Deal breakers for buying a Scamp? - Fiberglass RV


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Old 02-19-2013, 08:47 PM   #1
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Name: Ryan
Trailer: Looking for Scamp
Oklahoma
Posts: 2
Deal breakers for buying a Scamp?

I'm interested in buying a used 16' scamp. I'm pretty sure I want one with layout #4. A toilet and shower is a must for me and I like the idea of bunk beds for kids (in the future).

I really only want to and can afford to spend around $7000 for one. I've seen several advertised for this price here and there, but they don't usually last very long.

My question is, what things do I need to look for on used a Scamp that would be a deal breaker for purchasing? When I see them priced much cheaper than 7k I start wondering what major thing could be wrong with it.

I'm pretty handy and capable of fixing things but would like to avoid major renovations if possible.

Are there specific issues to check for on Scamp trailers that would be different from other campers?

Any input is appreciated. Thanks.
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Old 02-19-2013, 09:22 PM   #2
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Name: matt
Trailer: 1995 16' Scamp
Texas
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For $7k you should be able to get a nice scamp. These are some issues I have found with an older scamp that are not simple repairs.

Check for soft spots in the floors. Especially under the sink, water tank, and toilet. These can be hard to find. The current owner may not even know about them, but they will be a major repair headache.

Check for bent angle iron on the trailer. This can cause your floor to be not level and a sign of some serious issues in the past.

If you are a non-smoker, be hyper-sensitive of smokey smells. They can be difficult to get rid of.

Ask the owners to light the frig if it has one that runs on gas. Also, be wary if some of the electrical is not working correctly. Someone may have messed with it and done a bad job.

I'm sure others will chime in with their experiences.
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Old 02-19-2013, 09:22 PM   #3
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Name: Donna D
Trailer: Escape 5.0 TA, 2014
Oregon
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Hi Ryan, welcome to FiberglassRV.. we're glad you're here

Deal breakers? I think that has more to due about YOU than US. Seriously, what are your skills to FIX stuff? Personally, I can't weld (for instance frame problems which add $$ to fix). ALL "older" trailers MAY have issues, it's about you, your budget and expectations. If you're looking to buy used, be sure to download, print and check all trailers with this: Buyer's Check List
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Old 02-19-2013, 09:30 PM   #4
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Name: Logan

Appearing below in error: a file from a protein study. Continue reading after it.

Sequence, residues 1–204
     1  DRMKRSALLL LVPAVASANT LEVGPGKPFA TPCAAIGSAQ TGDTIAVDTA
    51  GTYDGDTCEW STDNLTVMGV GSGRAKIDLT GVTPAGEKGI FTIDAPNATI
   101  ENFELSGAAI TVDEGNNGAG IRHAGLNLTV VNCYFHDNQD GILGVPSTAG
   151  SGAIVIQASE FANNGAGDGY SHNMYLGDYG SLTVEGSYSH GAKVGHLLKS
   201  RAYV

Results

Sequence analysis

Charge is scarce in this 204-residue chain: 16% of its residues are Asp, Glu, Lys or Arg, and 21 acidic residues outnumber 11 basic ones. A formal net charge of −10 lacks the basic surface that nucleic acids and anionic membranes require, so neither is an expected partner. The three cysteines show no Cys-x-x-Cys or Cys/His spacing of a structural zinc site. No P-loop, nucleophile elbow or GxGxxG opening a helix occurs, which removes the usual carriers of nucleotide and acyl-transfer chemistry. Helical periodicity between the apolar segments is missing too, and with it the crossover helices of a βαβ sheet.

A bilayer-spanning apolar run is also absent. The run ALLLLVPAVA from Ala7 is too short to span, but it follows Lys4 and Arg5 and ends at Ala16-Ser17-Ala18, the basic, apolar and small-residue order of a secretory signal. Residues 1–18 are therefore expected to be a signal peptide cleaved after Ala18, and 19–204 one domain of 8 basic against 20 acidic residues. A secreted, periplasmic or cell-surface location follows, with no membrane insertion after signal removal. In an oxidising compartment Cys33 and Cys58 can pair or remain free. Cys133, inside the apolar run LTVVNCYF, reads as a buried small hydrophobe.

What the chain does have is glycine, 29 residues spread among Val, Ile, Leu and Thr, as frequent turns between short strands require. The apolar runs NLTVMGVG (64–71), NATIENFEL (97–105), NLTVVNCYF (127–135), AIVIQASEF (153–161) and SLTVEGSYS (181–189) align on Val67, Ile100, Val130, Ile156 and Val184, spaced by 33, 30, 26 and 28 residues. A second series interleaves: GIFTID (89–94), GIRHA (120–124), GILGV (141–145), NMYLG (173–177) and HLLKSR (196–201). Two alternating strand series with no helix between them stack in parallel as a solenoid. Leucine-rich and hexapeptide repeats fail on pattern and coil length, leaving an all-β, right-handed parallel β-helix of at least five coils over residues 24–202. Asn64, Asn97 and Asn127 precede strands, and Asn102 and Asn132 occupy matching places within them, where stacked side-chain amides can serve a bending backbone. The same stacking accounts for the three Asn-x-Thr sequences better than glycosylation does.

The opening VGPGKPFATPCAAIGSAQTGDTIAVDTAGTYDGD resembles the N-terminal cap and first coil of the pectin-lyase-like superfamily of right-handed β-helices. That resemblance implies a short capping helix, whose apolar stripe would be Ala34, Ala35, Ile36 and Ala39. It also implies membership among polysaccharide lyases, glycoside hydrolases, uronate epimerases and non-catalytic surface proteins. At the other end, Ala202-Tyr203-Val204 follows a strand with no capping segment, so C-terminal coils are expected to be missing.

Trailer: 1976 Scamp 13'
Wisconsin
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Originally Posted by Donna D. View Post
Hi Ryan, welcome to FiberglassRV.. we're glad you're here

Deal breakers? I think that has more to due about YOU than US. Seriously, what are your skills to FIX stuff? Personally, I can't weld (for instance frame problems which add $$ to fix). ALL "older" trailers MAY have issues, it's about you, your budget and expectations. If you're looking to buy used, be sure to download, print and check all trailers with this: Buyer's Check List

It can be done cheaper if you have a friend that accepts adult beverages as payment.
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Old 02-19-2013, 10:14 PM   #5
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Originally Posted by 841K9 View Post
It can be done cheaper if you have a friend that accepts adult beverages as payment.
Been there, done that... Johnny Walker Red Label
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Old 02-20-2013, 07:03 AM   #6
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Name: Norm and Ginny
Trailer: Scamp 16
Florida
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We bought a 1991 Scamp 16 for less than your $7K figure and had no major issues to correct.

I did closely check the floor, particularly under the couch, under the dinette and under the kitchen cabinets, finding nothing significant. There were signs of a little water damage from a front window leak but nothing significant.

Though floors are rarely damaged from below, I crawled under the trailer as well. Took the opportunity to look at the frame.

I as well inspected the fiberglass for damage. Bring a small ladder to look at the roof to make sure there's cracked fiber glass. (I'm not talking about small, shallow stress cracks but real damage to the fiberglass.)

If you're at all handy a Scamp is easy to work on and most issues are easy to fix or improve to make it your own.

I did make sure the fridge was cold. As to the stove they usually work and anything wrong is inxpensive. As to the furnace, we don't care because we would rarely or ever use it.
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Old 02-20-2013, 09:51 AM   #7
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Name: Carol
Trailer: 22' Airstream Formerly 16' Scamp
British Columbia